KB: The idea actually came from a coworker. After attending a paranormal event or giving a lecture, I’d always tell him about the debates I would have, going into great detail and apparently doing so in an excited manner. My coworker would laugh at the way I’d relate the experience, and kept telling me that I should do videos. He kept saying that my intensity and blunt attitude would be entertaining, while getting the information out there as well. So, I gave it a shot.
I guess the difference is that I’m just being me—no fancy editing, no dramatic music or acting. I’m just expressing exactly how I feel, and not sugarcoating my words. Something I’ve seen countless times in the paranormal community is people talking one way in front of others, then another way as soon as backs are turned. I can’t stand that. If I see bullshit, that’s how I call it—then I explain why. Yeah, I curse a lot . . . but that’s the real me when I’m frustrated.
GM: Do you have one or two favorite or most memorable shows? What are they and why?
KB: My favorite episode was about the Selma Mansion in Norristown, Pennsylvania. Instead of doing what’s been called a “rant,” I focused on claims made by a semi-famous paranormal team. It was the first time I ventured out of my office for a video to address specific paranormal claims at a location. With the research I did on the site, and some detective work into the claims, I was able to deliver an informative video that provided natural causes for phenomena that were being presented as positive proof of paranormal activity. The video was well received, showing how critical thinking was able to solve ghostly mysteries better than TV-inspired ghost hunting.
My next favorite would have to be “The Pepper’s Ghost Effect,” which went into the history of how the effect was developed, as well as demonstrated how easy it is to recreate in any home. In fact, I recreated a ghost video that was getting a lot of attention on YouTube, which was the inspiration for making the episode. I got a lot of feedback from that episode; it opened people’s eyes to a simple effect they had never known of.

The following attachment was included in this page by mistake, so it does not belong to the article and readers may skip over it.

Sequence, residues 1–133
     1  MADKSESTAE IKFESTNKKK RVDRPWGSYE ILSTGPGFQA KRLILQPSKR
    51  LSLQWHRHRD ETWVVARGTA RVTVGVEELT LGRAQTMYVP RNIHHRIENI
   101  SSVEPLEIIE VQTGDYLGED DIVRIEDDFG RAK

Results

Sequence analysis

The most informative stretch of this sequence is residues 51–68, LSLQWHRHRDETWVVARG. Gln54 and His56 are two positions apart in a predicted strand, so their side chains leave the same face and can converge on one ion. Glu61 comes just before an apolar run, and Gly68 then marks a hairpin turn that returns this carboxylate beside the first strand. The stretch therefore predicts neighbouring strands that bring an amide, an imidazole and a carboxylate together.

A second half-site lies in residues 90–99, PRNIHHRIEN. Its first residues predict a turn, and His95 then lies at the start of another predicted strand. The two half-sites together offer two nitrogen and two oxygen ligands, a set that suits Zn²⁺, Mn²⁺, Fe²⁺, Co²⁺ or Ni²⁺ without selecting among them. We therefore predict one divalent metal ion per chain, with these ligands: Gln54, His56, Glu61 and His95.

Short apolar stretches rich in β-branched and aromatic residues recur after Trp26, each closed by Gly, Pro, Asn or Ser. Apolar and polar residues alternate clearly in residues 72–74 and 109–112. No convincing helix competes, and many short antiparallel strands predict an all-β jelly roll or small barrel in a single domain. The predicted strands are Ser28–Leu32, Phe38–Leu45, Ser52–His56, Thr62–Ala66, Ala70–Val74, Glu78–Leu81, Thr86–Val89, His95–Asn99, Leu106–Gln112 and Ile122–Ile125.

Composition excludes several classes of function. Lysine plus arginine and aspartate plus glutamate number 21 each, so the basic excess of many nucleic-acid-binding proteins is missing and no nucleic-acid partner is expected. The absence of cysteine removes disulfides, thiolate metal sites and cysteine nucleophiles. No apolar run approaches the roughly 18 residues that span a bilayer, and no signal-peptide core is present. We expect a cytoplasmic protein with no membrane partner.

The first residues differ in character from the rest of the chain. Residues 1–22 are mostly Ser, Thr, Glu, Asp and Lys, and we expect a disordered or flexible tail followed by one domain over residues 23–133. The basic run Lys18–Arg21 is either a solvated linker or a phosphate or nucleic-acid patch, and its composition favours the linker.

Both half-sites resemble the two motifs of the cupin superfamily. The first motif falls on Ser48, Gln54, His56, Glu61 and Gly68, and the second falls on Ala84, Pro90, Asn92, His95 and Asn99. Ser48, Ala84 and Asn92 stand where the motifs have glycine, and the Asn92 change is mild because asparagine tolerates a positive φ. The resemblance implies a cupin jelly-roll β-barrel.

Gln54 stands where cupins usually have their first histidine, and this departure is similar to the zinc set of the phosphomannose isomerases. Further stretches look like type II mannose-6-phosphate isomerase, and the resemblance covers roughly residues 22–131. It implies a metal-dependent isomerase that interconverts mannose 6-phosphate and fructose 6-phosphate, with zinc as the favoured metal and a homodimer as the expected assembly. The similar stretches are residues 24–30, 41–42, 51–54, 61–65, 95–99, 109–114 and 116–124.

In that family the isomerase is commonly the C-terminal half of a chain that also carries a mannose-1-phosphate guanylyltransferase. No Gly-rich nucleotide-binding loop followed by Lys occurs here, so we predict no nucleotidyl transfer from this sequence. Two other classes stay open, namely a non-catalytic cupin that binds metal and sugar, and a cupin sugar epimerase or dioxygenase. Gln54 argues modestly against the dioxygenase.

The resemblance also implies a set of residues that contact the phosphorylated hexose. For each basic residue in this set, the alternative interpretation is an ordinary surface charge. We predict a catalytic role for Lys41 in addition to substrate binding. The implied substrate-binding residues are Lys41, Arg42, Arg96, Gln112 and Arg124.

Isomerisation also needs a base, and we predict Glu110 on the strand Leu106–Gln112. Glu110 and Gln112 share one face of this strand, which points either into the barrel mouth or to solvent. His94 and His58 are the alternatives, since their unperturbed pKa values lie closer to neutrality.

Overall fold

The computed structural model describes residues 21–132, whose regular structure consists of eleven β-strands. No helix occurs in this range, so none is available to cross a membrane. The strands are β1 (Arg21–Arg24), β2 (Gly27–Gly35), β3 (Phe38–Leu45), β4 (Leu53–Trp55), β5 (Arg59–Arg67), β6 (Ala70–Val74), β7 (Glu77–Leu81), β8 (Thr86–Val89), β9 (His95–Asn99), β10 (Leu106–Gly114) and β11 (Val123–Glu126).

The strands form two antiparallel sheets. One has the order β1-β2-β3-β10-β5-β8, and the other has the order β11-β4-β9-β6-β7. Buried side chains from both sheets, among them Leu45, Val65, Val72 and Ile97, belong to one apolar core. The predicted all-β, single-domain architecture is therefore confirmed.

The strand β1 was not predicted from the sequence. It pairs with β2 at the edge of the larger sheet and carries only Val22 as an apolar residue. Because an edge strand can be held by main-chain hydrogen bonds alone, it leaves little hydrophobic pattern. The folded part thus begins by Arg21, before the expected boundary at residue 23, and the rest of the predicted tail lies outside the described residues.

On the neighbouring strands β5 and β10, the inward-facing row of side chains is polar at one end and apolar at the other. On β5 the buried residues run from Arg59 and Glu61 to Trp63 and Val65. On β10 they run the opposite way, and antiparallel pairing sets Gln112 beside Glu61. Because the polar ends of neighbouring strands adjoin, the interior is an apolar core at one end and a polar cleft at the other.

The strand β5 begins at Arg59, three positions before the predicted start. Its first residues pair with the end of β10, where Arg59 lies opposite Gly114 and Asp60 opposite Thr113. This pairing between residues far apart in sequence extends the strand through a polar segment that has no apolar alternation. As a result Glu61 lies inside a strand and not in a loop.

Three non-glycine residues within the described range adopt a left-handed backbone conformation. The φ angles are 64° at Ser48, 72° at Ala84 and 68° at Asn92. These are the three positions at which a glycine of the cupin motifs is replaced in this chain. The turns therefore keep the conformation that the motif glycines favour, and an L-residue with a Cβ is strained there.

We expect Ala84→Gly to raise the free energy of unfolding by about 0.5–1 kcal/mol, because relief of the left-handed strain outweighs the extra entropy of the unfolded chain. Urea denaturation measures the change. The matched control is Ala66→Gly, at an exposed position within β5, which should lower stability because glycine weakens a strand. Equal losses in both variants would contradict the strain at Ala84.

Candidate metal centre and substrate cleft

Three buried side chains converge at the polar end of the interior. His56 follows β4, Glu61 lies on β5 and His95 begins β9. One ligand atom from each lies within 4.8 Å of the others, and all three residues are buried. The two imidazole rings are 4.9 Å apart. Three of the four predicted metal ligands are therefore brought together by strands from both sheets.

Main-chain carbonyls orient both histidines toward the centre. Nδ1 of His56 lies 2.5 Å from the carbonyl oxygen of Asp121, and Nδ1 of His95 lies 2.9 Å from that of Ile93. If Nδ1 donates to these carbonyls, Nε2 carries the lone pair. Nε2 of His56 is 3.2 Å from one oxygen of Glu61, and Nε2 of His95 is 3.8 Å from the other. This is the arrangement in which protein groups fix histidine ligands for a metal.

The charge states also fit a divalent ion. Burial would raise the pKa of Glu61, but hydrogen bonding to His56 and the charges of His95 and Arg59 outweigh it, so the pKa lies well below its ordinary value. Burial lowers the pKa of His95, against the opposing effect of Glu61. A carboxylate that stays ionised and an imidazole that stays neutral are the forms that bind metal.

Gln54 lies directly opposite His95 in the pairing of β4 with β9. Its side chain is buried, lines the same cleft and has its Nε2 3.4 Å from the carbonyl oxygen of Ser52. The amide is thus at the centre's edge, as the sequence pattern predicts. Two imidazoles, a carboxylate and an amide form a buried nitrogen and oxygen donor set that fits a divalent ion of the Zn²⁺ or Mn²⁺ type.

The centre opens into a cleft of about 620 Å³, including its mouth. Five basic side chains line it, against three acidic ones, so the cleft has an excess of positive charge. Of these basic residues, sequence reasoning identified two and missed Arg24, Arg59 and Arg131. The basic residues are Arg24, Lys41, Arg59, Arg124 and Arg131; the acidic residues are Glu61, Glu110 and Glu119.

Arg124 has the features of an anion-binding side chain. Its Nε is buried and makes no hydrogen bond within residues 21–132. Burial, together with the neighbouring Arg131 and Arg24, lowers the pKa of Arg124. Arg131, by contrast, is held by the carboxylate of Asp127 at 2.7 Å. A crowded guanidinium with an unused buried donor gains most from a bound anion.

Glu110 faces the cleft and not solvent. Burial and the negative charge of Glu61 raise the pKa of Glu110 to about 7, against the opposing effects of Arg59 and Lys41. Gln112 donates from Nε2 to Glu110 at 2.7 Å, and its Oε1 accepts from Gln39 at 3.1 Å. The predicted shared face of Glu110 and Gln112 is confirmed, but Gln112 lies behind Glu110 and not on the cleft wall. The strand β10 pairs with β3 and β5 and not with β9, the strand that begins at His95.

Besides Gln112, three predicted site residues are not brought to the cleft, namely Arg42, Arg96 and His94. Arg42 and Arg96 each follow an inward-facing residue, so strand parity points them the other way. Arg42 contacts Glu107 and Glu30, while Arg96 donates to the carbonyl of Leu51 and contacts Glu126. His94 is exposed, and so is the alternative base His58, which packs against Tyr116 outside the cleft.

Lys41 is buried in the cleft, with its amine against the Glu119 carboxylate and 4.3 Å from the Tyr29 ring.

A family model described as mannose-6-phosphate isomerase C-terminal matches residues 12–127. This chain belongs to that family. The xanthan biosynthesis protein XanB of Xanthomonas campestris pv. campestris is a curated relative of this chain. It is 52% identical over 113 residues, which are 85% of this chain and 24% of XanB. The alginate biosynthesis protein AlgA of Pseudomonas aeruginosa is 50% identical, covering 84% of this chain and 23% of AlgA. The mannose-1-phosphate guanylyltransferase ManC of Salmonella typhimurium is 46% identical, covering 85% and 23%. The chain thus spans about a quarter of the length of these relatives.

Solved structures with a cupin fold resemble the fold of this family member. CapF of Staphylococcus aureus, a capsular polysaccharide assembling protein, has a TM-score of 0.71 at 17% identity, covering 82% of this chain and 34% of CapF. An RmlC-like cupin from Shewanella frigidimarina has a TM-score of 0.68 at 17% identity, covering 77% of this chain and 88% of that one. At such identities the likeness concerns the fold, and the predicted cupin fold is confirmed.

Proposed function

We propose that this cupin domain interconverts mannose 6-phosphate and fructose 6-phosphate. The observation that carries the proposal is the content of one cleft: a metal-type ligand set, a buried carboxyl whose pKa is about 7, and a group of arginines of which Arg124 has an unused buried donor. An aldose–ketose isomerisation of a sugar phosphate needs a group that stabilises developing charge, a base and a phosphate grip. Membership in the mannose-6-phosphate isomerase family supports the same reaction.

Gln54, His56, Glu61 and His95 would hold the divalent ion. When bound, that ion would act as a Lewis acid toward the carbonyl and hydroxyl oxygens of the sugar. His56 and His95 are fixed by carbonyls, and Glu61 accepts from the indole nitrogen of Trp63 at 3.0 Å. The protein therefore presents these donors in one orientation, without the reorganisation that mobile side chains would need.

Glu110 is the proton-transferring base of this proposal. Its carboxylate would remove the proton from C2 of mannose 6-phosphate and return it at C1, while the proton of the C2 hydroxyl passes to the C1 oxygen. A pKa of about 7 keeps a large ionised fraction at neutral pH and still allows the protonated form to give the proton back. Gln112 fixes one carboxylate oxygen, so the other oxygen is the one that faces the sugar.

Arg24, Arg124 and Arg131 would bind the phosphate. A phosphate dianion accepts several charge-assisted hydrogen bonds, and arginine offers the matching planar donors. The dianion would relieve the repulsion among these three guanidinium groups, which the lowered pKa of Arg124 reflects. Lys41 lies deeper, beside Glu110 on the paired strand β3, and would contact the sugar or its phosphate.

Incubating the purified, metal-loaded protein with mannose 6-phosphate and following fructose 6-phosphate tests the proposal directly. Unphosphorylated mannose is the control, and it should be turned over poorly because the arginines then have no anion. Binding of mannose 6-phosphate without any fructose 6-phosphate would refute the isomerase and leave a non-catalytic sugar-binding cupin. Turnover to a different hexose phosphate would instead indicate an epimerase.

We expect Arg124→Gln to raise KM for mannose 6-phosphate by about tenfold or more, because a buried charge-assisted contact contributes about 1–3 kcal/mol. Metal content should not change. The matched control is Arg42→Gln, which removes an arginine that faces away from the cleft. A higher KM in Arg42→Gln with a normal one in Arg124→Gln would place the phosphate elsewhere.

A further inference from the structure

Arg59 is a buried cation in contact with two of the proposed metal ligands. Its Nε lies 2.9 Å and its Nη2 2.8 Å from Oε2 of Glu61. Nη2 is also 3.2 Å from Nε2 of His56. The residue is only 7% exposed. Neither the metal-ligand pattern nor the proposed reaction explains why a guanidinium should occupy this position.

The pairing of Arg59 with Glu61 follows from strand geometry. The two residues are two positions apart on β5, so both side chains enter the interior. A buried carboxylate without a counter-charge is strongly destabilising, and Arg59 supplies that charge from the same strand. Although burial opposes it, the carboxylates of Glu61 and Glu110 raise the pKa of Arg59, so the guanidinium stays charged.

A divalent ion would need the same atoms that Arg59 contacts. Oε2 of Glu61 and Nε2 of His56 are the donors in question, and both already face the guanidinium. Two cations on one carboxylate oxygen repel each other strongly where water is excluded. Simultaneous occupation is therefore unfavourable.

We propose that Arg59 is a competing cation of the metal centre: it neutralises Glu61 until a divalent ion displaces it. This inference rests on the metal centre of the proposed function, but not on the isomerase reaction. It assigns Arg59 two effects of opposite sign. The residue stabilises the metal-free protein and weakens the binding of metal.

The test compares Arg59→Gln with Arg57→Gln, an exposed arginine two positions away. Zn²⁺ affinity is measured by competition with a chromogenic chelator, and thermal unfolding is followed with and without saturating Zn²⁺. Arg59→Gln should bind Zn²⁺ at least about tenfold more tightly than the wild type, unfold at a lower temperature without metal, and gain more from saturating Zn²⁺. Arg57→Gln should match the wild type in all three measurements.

GM: You seem to be channeling a lot of anger and frustration into your videos. Do you see them as a form of catharsis?
KB: Hell yeah! It’s terribly frustrating to continually speak with many people that will easily accept ideas at face-value—despite all the information, logic, and demonstrations you can provide to the contrary. Equally frustrating is listening to speakers, at conferences and seminars, teaching false information and/or their opinions as fact. What’s even worse than both of those: the ones that deliberately hoax for personal gain or fame. To put it bluntly . . . yeah, I get pissed off. The videos (and Facebook page of the same name) are my way of venting my frustrations within the paranormal community and to point out mistakes, misidentification, issues with methodology and procedures, bad evidence, useless equipment and so on. Most people who watch the videos share my feelings, and I’m often told “Thank you! You say exactly what I want to say but are afraid to.” For all the people that cause my frustrations, there’s just as many that share them.
Kenny Biddle’s videos are released around once a month on average, and they can be found on YouTube under the username parainvestigator (http://www.youtube.com/user/parainvestigator/). He also posts to Facebook under the username “I Am Kenny Biddle” (https://www.facebook.com/IAmKennyBiddle).